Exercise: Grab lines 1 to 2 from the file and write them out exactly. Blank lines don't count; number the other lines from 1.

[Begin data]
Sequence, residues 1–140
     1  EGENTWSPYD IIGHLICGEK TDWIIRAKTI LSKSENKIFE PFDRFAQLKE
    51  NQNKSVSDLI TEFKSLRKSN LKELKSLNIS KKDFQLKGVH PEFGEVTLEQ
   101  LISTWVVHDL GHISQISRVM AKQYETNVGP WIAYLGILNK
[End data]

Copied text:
Sequence, residues 1–140
     1  EGENTWSPYD IIGHLICGEK TDWIIRAKTI LSKSENKIFE PFDRFAQLKE